Saint-Saëns Mélodies avec orchestra with Yann Beuron and Tassis Christoyannis with the Orchestra della Svizzera Italiana conducted by Markus Poschner.  Though the songs for voice and piano have previously been recorded, this is the world premiere recording of the full orchestral versions, taken from a performance in Lugano in 2016 sponsored by Palazzetto Bru-Zane, champions in the promotion of French repertoire.   In this landmark issue, distributed by Alpha classics, nineteen of the twenty-five orchestral songs in the composer's catalogue are included.  Saint-Saëns was only thirteen years old in 1848 when he wrote L'Enlèvement, first for piano and voice, orchestrating it very shortly afterwards.  Aimons-nous was completed seventy years later, two years before the composer's death.  Though Saint-Saëns’ reputation has been based on his larger works, he had a lifelong committment to song.  This is particularly significant  given the dominance of Grand Opéra and symphonic works  in mid-19th century France. Berlioz's Les nuits d'été was initially composed for voice and piano, the orchestrations only completed in 1856.  Concert performances tended towards programmes of operatic arias or works for piano.

By orchestrating his songs, Saint-Saëns was making an artistic statement.  In 1876, he wrote "The Lied with orchestra is a social necessity. If such things were available, people would not always be singing operatic arias in concerts, which often make a pitiful effect in those surroundings".  As Sébastien Troester writes in his notes, "incongruous accents and faulty ceasuras and enjambments" could occur in popular works by composers whose native language was not French. Thus Saint-Saëns created orchestral song as art song as serious concert music, a synthesis of voice and symphony, building on the riches of French poetry.  Orchestral form also allows for exotic colour and sensuality,  making use, as Troester writes "of ancient modes, of ostinato rhythms that create a sensation of languor, of vocal melismas", distinctive and very Belle Époque.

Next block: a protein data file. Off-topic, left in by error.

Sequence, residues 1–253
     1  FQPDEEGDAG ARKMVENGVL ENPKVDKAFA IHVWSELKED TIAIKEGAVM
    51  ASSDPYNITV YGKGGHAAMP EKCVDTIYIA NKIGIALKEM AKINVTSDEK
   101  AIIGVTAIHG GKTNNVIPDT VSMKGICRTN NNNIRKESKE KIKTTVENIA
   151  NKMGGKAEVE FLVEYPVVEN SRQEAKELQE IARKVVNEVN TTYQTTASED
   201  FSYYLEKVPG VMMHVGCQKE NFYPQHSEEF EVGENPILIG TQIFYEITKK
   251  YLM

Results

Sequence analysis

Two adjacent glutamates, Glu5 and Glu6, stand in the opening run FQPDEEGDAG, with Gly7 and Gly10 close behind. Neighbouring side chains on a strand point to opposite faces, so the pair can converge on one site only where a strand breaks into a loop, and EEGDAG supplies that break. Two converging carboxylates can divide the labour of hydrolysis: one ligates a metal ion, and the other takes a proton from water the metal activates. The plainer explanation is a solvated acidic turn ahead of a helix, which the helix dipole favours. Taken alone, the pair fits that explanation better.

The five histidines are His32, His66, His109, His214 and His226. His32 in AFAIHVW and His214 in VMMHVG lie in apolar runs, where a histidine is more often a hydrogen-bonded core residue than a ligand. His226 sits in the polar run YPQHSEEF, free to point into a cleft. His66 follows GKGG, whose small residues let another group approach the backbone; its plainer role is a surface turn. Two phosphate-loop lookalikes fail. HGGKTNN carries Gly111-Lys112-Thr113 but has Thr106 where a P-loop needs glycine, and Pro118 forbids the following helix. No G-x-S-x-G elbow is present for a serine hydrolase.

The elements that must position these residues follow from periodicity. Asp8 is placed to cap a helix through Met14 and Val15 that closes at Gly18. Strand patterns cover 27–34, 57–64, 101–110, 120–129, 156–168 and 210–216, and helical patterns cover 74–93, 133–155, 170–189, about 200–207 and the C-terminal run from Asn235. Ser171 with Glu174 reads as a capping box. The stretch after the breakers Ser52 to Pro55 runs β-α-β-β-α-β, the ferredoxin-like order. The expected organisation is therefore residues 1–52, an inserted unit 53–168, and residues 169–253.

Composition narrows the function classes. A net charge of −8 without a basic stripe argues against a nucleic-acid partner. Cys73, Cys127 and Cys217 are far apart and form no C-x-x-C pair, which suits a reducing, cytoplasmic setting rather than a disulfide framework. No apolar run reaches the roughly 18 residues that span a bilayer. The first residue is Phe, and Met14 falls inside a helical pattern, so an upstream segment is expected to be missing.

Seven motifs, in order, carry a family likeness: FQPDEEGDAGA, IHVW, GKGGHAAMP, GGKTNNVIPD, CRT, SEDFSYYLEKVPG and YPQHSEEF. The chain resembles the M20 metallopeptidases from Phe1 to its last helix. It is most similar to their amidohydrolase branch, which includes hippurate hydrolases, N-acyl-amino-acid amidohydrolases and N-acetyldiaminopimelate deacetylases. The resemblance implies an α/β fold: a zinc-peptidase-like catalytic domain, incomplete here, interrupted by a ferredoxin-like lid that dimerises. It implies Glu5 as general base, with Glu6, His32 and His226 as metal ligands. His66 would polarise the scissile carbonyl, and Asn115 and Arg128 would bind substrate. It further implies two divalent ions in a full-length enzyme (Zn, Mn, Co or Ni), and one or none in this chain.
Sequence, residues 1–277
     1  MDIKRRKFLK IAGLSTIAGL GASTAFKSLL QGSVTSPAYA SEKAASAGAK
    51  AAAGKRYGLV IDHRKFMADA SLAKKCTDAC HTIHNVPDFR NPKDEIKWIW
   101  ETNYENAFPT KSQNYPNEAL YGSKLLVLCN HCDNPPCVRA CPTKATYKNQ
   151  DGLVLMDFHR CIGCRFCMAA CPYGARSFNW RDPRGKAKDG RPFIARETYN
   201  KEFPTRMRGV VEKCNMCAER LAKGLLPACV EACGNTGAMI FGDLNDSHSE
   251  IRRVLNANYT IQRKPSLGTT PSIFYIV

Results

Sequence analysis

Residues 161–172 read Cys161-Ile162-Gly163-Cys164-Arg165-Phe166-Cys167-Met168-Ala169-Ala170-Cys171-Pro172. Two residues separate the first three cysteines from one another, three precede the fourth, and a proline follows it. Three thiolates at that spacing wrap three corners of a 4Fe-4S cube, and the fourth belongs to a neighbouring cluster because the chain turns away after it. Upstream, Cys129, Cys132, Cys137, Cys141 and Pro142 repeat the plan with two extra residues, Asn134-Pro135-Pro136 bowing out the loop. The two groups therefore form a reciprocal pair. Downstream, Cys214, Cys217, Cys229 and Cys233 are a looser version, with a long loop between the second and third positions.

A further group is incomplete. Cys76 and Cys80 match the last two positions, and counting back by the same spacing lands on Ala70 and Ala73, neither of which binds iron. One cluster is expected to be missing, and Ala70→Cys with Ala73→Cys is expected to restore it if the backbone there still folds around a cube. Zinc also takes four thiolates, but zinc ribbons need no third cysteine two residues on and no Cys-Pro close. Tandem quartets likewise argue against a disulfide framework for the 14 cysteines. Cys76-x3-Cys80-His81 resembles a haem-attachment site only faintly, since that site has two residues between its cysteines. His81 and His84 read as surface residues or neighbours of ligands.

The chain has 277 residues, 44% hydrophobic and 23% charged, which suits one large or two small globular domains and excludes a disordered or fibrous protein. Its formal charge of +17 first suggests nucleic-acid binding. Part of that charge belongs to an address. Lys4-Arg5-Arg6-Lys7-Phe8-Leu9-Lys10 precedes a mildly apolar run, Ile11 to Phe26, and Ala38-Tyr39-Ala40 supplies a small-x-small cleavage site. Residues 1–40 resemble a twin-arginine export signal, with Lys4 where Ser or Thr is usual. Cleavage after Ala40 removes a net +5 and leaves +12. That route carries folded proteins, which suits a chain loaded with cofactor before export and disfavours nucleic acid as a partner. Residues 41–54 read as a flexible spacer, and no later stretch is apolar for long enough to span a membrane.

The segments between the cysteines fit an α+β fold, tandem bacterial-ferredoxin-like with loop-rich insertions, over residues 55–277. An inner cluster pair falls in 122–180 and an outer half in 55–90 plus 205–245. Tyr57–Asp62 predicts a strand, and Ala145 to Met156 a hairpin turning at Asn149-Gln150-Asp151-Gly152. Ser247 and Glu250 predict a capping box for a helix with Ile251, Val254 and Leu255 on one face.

The performances here are superb, the epitome of idiomatic style.  Despite its richness, the beauty of Saint-Saëns music lies in its purity.  The ornamenations exist to amplify ideas and structure.  Poschner and the orchestra keep, the colours clear. "Hollywood excess" is not the way to go   Elegance lies in articulation.  Beuron and Chritoyannis phrase and shape so that the words can be heard clearly, without exaggeration, but with natural, flowing flair.

Angélus, to a poem by Pierre Aguétant (1890-1940) begins with the tolling of a bell, followed by shimmeriung strings.  "Les clochers, souverains du soir", sings the tenor Yann Beuron, pacing the line with the deliberation of medieval chant. In the monastery, the monks are singing Angelus, and outside, the shepherds hear the sound on the air as if the wings of God were rushing past.   Similar frisson in the strings introduces L'attente (Victor Hugo) but here the pace is swift, barely able to contain excitement.  "Climb, squirrel, up the oak....  eagle, rise from your eyrie!"  In Rêverie (Hugo) phrases in each strophe are repeated, with slight variation,  the orchestra echoing the vocal line, the effect as lovers entwined.  Beuron's wonderful diction warms words tenderly: "Mon coeur, dont rien ne reste, L'amour ôté ! "